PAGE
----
Motor Behavior Laboratory
Motor Behavior encompasses motor and psychological aspects of development, learning, and control. Motor development relates to the sequential, age-related process whereby an individual’s movement change from simple to highly organized, complex motor skills, and finally to adjustments related to the aging process. Motor learning and control relates to the foundations of sport and exercise and to such principles as: memory, mental rehearsal, information processing, reaction time, anticipation timing, perceptual-motor systems, practice, transfer, balance, concentration, coordination, anxiety, and exercise adherence.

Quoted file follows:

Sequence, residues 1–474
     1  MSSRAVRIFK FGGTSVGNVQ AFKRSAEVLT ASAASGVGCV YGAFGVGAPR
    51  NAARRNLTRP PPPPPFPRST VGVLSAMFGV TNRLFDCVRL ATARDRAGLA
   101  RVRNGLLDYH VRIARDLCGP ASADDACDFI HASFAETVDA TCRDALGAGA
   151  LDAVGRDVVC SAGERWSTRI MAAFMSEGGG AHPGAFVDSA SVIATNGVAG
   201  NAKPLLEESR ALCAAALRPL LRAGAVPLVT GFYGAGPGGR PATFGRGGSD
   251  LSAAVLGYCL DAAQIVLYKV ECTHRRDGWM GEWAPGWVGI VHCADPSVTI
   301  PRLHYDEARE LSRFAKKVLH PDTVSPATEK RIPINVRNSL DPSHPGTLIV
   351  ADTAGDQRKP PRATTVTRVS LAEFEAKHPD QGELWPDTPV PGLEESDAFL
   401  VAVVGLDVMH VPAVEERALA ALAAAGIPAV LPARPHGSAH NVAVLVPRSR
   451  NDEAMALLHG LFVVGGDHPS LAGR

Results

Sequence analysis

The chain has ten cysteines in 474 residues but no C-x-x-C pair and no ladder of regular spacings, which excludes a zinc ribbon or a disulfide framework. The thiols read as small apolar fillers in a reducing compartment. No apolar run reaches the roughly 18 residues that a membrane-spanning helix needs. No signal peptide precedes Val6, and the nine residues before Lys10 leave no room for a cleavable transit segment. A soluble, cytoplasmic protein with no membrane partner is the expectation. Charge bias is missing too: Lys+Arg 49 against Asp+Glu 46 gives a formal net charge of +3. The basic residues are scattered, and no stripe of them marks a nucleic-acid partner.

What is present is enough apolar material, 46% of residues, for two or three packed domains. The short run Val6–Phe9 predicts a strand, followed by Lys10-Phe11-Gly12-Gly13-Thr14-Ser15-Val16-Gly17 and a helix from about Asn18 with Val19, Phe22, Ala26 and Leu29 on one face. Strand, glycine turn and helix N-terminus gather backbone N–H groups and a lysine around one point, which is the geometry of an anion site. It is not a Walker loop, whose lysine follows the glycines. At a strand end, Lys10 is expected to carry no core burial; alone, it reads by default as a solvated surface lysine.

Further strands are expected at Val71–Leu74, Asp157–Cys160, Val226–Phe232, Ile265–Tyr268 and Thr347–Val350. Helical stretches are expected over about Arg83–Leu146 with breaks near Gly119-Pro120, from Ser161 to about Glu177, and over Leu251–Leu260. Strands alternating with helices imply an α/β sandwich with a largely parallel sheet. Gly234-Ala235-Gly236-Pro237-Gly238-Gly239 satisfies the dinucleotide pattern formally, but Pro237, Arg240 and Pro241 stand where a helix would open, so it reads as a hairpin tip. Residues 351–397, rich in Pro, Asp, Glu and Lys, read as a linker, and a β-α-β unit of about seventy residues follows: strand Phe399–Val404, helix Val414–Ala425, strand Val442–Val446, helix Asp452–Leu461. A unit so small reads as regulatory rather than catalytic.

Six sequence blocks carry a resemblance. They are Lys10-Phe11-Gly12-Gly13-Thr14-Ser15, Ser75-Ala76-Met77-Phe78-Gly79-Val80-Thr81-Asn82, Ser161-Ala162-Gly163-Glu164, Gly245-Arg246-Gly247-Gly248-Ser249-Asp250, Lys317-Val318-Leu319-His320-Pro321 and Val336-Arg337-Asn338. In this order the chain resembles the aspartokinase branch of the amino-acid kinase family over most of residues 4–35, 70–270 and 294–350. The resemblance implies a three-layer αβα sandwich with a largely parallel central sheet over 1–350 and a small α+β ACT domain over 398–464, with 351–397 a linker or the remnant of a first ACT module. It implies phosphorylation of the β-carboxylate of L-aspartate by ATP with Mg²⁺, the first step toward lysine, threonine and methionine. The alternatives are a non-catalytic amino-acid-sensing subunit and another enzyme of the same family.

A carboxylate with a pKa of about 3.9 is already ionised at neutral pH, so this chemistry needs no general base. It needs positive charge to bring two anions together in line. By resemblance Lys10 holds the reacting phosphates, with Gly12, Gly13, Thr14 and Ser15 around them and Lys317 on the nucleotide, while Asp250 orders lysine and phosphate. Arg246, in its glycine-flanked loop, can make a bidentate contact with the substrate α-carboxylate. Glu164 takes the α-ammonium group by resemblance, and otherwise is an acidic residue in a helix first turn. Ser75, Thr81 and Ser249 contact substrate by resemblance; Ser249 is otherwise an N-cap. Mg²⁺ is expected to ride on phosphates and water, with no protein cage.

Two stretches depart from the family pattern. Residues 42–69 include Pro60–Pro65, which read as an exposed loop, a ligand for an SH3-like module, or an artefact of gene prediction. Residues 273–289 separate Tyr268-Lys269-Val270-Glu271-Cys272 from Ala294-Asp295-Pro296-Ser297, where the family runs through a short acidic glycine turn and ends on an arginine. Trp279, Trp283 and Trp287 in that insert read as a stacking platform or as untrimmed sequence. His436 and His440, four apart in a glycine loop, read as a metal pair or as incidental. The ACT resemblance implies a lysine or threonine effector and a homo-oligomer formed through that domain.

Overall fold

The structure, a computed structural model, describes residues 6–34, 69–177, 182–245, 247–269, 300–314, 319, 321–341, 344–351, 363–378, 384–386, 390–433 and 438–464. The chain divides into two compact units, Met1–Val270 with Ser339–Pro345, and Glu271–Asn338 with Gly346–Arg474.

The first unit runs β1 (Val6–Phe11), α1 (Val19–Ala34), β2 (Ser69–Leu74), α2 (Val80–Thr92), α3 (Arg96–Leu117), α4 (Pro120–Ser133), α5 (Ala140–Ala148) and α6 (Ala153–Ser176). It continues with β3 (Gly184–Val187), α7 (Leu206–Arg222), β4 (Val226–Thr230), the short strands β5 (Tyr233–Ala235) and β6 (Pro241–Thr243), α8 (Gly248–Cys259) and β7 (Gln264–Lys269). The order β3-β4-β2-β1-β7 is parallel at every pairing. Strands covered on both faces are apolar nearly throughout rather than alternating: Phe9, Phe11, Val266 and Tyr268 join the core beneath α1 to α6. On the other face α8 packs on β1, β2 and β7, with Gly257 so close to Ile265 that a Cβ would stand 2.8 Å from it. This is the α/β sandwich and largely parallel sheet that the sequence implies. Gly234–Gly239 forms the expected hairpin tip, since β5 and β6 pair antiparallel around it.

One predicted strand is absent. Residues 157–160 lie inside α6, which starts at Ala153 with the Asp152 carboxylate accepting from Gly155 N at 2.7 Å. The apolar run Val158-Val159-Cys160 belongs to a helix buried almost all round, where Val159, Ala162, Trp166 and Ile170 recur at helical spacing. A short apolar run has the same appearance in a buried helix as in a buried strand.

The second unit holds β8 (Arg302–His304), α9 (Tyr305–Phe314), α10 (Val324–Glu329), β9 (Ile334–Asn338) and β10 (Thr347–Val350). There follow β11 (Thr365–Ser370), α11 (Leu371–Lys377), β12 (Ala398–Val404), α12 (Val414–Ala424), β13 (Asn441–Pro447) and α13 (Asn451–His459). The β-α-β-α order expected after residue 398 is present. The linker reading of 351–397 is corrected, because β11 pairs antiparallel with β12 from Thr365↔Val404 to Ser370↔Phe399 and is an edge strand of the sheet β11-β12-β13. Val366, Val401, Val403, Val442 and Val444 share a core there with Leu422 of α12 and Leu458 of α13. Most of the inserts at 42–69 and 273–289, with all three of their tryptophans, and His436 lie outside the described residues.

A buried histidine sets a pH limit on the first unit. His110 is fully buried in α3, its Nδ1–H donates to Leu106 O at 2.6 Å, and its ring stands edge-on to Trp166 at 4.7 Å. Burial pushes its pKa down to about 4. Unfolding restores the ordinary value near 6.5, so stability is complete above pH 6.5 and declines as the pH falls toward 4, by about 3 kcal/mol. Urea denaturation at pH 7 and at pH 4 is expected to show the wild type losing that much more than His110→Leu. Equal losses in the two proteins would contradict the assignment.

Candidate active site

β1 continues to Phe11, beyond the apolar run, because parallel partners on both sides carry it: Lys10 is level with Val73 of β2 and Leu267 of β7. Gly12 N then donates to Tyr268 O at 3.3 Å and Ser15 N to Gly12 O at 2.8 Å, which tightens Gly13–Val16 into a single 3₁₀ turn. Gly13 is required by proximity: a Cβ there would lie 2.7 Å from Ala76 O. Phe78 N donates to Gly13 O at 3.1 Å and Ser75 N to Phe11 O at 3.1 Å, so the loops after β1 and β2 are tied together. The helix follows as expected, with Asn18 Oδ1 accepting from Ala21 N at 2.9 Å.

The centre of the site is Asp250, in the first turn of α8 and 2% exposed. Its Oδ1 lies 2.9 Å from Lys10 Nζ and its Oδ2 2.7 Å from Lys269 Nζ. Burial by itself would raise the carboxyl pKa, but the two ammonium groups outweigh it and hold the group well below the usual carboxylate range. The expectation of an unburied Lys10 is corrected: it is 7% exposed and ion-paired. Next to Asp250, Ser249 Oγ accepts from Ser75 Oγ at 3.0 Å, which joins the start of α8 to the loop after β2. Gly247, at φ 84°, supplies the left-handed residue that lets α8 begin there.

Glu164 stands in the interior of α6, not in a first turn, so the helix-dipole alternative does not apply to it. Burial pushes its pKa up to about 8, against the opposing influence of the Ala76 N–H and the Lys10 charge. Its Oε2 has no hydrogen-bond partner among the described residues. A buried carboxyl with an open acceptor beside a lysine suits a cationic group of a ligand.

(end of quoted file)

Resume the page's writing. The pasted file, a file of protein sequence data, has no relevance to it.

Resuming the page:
The Motor Behavior Laboratory experiences translate current developmental worldviews into motor behavior perspectives and theoretical foundations that relate to exercise, sport, rehabilitation, therapy, and physical education. Further, motor behavior experiences introduce students to physical growth and aging; early motor development; principles of motion and stability; development of human locomotion, ballistic, and manipulative skills; impact of perceptual-motor development; impact of functional constraints; and physical fitness over the lifetime. Laboratory students study the impact of society and culture on development, fitness, and physiological changes.